One Hundred and Ninety-Nine Barrels of Whiskey v. United States
Annotate this Case
94 U.S. 86 (1876)
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U.S. Supreme Court
One Hundred and Ninety-Nine Barrels of Whiskey v. United States, 94 U.S. 86 (1876)
One Hundred and Ninety-Nine Barrels of Whiskey v. United States
94 U.S. 86
1. The forty-fifth section of the Act of July 13, 1866, 14 Stat. 163, imposes upon a claimant of distilled spirits, seized for a violation of that section, the burden of proving that the requirements of law have been complied with, and this Court, upon consideration of the evidence disclosed in the record, deems it insufficient, and affirms the decree of condemnation.
2. The rule in The Diana, 3 Wheat. 58, allowing interest upon the appraised value of the property from the date of the decree of condemnation in the district court, approved, and applied to this case.
This was a libel against one hundred and ninety-nine barrels of
distilled spirits seized at Galveston, Texas, March 18, 1867, as forfeited to the United States. The causes of forfeiture alleged are:
1. That the spirits, being subject to the payment of internal revenue tax, were removed otherwise than into a bonded warehouse, without the payment of the tax.
2. That no lawful or genuine inspector's brand was ever put upon them, and they were removed for sale in fraud of the law, and with intent to evade the payment of the taxes thereon chargeable by law, and were fraudulently and illegally marked and branded.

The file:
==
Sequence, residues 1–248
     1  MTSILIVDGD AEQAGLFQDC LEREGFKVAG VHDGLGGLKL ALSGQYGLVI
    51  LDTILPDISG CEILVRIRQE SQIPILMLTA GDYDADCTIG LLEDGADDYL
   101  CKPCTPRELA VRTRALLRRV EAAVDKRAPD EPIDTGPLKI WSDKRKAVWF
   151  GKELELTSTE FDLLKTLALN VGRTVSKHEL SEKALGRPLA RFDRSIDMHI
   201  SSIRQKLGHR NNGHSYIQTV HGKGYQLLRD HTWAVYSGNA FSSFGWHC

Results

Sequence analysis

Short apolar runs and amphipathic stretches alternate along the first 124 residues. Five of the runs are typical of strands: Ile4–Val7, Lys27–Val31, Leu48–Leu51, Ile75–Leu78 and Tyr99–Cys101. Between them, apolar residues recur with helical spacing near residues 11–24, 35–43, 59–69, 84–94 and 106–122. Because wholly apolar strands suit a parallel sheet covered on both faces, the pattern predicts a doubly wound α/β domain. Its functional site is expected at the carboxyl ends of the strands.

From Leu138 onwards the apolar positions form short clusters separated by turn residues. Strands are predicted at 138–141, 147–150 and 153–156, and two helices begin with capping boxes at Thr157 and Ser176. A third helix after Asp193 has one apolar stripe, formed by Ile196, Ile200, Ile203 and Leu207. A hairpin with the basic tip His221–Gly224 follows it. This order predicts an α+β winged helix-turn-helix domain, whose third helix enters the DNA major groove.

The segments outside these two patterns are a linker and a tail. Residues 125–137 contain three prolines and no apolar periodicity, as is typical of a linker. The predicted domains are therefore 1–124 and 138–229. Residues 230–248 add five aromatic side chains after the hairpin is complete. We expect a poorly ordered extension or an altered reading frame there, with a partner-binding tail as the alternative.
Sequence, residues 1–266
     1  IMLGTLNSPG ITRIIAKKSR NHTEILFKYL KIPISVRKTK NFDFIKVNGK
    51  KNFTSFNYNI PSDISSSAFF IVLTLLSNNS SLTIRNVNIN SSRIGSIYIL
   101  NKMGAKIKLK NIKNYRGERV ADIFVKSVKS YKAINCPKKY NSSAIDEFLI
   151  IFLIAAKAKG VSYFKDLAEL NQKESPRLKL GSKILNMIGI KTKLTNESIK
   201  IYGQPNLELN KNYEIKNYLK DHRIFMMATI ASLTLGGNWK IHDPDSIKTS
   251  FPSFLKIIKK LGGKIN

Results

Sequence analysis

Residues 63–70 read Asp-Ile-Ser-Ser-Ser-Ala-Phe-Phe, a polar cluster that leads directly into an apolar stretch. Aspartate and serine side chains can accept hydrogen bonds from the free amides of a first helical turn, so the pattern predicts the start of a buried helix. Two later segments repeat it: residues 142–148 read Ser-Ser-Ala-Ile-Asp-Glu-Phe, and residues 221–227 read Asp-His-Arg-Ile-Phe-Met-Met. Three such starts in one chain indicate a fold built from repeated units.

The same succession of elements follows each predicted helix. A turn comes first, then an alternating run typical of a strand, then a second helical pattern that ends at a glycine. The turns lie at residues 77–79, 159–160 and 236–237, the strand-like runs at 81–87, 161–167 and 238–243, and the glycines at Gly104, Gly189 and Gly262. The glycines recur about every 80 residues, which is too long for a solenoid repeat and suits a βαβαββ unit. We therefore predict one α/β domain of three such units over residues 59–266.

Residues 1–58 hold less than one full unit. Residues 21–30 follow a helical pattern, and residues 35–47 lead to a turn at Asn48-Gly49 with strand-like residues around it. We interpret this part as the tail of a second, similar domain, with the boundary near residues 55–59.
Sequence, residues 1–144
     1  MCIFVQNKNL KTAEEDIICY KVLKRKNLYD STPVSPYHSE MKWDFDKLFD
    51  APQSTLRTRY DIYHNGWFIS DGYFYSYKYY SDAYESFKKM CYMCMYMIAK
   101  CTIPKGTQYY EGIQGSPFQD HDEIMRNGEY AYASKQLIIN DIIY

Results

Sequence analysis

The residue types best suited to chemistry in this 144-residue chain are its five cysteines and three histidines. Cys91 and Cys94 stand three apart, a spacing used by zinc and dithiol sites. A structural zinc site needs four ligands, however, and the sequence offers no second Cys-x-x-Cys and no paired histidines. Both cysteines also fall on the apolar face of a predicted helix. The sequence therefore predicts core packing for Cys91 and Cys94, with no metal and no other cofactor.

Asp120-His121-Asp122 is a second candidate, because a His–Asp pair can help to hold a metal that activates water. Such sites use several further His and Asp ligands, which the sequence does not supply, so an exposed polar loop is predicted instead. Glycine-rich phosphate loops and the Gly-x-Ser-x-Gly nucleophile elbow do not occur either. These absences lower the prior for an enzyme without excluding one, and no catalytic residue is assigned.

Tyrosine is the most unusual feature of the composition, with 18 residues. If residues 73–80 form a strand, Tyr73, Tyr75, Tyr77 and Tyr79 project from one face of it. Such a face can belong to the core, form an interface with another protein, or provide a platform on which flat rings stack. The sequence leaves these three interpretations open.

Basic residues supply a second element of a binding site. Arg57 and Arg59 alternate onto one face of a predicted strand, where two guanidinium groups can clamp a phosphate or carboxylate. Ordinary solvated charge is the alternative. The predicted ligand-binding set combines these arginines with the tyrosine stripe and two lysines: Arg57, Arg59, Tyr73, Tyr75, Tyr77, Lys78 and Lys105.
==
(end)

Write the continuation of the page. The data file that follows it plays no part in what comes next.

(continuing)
3. That said barrels of distilled spirits, when found and seized by the collector of internal revenue, had never been inspected, gauged, proved, or marked, as required by law, and were fraudulently and illegally marked and branded.
To this libel a claim and answer were filed by Charles Andre, a resident of Matamoras, Mexico, in which he alleged that all the requirements of the laws of the United States relating to the spirits had been complied with previous to the seizure; that they had been duly proved and marked, gauged, and inspected, and the barrels properly branded by the lawful officers of the United States duly appointed for that purpose, and that all taxes required by law had been paid thereon. He also stated that he purchased the spirits in open market at Matamoras, Mexico, in the regular course of business, between the 1st and 12th of February, 1867; that the same having been delivered to him in Mexico, he applied to the United States collector of duties for the district of Brazos de Santiago for permission to import them in the packages as purchased, which permission was granted; that he accordingly transported them from Matamoras to Brownsville, entered them at the custom house of that district, and by bond secured the duties thereon according to law, and that he secured from the proper officers of the custom house the usual certificate given in such cases, and sent the spirits forward to Indianola and Galveston for a market.
The evidence produced by the claimant shows that he entered the spirits at the custom house upon his importation as of the growth, production, and manufacture of the United States, exported on board of certain vessels named, from New York and New Orleans, upon which no drawback, bounty, or allowance
had been allowed, and reimported from Matamoras, Mexico, free; that he executed a bond to the United States for the sum of $73,000, with approved sureties,